By Associated Press - Sunday, August 24, 2014
Men who sparked manhunt at Grand Teton Park ID’d

JACKSON, Wyo. (AP) - Officials have released the names of three men who sparked a manhunt near a global financial meeting at Grand Teton National Park.

Park spokeswoman Jackie Skaggs tells The Jackson Hole News & Guide ( ) that 27-year-old Jonathan Metzman, of Blacksburg, Virginia; 24-year-old William Wood, of Antioch, Tennessee; and 27-year-old Jonathan Wyatt, of Hendersonville, Tennessee, each were cited for trespassing.

The men are accused of stopping for the night in an empty dorm room at the park rather than finding a campsite. When security found them in the room and contacted rangers, the men ran, prompting a three-hour search Thursday that included road checkpoints and rangers armed with rifles.

The incident raised concern because the dorm is near Jackson Lake Lodge, where Federal Reserve and other global financial figures are meeting.


Information from: Jackson Hole (Wyo.) News And Guide, https://www.jhnewsandguide.com


Chattanooga digitizing old city records

CHATTANOOGA, Tenn. (AP) - Chattanooga is digitizing hundreds of thousands of city records with a $2.6 million project that city leaders say will increase government transparency and efficiency.

But that also means the city will have to explore what records it must legally retain and how many it can shred, meaning documents going back decades could be destroyed.

Some Chattanooga residents are criticizing the decision to destroy any public records that are part of the city’s history and could potentially be used to hold government officials accountable, The Times Free Press reported (

“It just seems so wrong that the city would use taxpayer dollars to destroy records,” said Rebecca Little, who recently won a public records lawsuit against Chattanooga.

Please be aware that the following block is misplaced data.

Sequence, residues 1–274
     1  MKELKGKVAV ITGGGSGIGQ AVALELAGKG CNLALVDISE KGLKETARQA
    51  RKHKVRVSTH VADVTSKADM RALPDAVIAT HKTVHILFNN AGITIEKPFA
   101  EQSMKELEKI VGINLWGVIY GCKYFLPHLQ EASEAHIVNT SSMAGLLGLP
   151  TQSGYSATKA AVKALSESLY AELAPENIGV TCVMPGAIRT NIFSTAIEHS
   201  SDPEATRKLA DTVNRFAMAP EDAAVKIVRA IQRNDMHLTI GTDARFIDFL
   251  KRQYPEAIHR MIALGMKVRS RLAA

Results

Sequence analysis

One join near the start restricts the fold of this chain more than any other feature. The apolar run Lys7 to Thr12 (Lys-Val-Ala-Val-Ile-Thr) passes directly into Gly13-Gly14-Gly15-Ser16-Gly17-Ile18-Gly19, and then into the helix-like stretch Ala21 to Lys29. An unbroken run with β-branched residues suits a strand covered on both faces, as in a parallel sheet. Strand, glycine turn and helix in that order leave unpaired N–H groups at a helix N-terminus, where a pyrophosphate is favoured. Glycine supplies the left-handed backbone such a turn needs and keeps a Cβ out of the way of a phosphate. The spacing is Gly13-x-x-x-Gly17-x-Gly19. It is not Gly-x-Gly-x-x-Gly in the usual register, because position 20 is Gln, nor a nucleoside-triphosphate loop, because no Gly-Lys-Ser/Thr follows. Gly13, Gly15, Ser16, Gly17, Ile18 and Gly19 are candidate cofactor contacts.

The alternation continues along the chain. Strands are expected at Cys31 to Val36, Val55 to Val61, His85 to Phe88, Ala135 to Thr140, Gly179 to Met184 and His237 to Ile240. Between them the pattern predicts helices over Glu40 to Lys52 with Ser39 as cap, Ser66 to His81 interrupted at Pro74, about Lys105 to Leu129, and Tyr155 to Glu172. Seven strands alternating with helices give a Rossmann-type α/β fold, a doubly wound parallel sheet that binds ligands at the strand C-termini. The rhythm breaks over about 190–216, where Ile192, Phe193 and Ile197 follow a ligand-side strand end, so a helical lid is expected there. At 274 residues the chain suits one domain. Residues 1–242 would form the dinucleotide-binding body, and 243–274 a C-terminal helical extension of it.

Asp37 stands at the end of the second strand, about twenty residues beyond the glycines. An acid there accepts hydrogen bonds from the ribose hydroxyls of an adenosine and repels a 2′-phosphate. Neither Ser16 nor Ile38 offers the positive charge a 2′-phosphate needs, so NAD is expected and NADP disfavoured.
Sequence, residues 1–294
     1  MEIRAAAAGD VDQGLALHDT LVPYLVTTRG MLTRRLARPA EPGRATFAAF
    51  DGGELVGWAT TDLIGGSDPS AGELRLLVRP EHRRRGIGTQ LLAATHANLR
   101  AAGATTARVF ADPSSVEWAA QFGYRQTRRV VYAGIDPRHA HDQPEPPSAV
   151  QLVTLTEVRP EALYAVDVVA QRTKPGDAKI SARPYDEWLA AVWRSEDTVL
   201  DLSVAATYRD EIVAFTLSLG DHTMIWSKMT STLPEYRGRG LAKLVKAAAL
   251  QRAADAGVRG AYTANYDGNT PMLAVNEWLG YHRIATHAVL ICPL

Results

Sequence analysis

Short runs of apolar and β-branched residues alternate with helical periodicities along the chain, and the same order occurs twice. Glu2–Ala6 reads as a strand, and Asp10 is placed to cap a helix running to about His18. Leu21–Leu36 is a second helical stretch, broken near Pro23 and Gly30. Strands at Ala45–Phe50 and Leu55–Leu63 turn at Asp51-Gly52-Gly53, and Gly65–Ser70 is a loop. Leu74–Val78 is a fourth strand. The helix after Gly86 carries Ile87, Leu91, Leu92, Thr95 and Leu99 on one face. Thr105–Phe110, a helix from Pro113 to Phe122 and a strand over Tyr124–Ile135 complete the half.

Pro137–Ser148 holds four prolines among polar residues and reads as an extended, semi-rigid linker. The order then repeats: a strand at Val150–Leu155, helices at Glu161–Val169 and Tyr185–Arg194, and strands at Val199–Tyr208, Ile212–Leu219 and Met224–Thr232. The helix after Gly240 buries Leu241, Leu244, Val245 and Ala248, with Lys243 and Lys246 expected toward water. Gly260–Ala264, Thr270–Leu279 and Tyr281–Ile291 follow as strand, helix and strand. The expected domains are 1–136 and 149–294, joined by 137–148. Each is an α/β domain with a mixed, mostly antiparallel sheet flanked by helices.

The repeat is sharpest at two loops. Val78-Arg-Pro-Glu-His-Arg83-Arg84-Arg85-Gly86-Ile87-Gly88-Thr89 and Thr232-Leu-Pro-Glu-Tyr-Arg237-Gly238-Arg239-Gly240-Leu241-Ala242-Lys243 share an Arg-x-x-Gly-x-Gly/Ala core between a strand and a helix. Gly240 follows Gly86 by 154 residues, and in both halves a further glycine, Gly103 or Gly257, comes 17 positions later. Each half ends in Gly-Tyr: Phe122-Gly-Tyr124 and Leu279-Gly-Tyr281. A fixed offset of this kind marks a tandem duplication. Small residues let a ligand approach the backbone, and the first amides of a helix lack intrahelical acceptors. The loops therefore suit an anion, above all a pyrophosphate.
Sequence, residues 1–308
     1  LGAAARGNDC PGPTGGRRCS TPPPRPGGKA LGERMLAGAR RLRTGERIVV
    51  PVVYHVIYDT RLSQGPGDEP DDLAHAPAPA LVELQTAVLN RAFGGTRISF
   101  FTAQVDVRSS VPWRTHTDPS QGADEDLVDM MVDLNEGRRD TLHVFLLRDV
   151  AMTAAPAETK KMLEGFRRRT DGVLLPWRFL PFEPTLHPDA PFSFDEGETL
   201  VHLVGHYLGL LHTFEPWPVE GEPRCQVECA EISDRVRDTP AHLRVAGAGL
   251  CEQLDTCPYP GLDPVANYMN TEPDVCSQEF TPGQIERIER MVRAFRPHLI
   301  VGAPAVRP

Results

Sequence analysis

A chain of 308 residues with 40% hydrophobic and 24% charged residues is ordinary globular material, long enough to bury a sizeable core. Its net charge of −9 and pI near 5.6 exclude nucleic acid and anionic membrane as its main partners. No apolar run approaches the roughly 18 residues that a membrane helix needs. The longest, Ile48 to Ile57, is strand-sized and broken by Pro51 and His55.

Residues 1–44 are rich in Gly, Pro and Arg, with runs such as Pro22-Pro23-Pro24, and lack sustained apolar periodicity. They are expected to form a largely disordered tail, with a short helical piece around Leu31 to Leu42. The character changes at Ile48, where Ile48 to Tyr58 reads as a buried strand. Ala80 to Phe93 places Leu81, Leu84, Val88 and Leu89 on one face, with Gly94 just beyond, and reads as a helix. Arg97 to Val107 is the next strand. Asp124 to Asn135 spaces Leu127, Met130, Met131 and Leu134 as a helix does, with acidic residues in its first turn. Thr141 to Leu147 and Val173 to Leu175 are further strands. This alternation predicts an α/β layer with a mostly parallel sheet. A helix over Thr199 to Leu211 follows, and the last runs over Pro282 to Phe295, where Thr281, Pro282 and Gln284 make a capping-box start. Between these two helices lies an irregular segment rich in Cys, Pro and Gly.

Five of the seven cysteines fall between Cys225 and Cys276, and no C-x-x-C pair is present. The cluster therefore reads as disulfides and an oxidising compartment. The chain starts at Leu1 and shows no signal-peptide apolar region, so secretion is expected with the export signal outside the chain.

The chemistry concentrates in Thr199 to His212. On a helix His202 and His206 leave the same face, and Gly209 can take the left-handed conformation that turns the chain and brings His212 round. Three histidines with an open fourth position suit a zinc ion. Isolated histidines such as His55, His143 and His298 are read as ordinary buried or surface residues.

City Attorney Wade Hinton said his office is trying to create a more efficient government by modernizing records. Hinton could not say how many records the city could potentially destroy. The city is currently developing a policy on what records can be tossed out.

“The city is 175 years old and has been accruing documents for all those years. We’ve got to have a policy,” said Stacy Richardson, an adviser to Mayor Andy Berke. “We’re not going to go down to a storage building and throw a match in there.”


Tenn. drugstore punished for missing pills

NASHVILLE, Tenn. (AP) - A Smyrna drugstore’s license has been suspended by the Tennessee Board of Pharmacy after investigators discovered thousands of doses of opioids missing.

Corder’s Community Pharmacy Inc. was shut down earlier this summer, The Tennessean ( reported, citing a recent pharmacy board order.

The action came after law enforcement filed a complaint against the drugstore.

Meanwhile, the Murfreesboro Pain Management Clinic also surrendered its license as the result of another state investigation. And a doctor and pharmacist were put on probation for prescribing drugs to a friend or family member without proper documentation

The actions are part of a crackdown by state licensing boards aimed at curbing addictions to prescription medicines. One out of every 20 people pops a pain pill for recreational use in Tennessee, where drug overdose deaths have jumped 220 percent from 1999 to 2012 and babies born dependent on drugs rose tenfold over the past decade.

Investigators for the pharmacy board found that Corder’s was short 5,841 of the 8,000 hydrocodone pills it had received from its wholesaler since January. Records showed it had dispensed 1,418 pills, but Corder’s had only 741 on hand.


Wichita County sheriff’s office wins civil suit

WICHITA FALLS, Texas (AP) - A federal jury in Tennessee has sided with a Texas sheriff and his deputy in a lawsuit that alleged civil rights violations, according to a news release from the Wichita County district attorney.

The jury in Chattanooga found that Sheriff David Duke and Chief Deputy Alan Boyd had not violated the civil rights or abused the process when it issued an arrest warrant for Donna Johnson.

The trial took place in Tennessee because Johnson was arrested there in 2011.

Johnson allegedly took payment for photos she had taken but not delivered to the sheriff’s office in 2011. She sued, saying she was arrested without probable cause.

Defense attorneys characterized Johnson as a scam artist, making thousands from law enforcement agencies from New York to Texas.

“It’s time to send her home empty handed,” defense attorney Jerry Tidwell told jurors. “Put an end to her hustle.”

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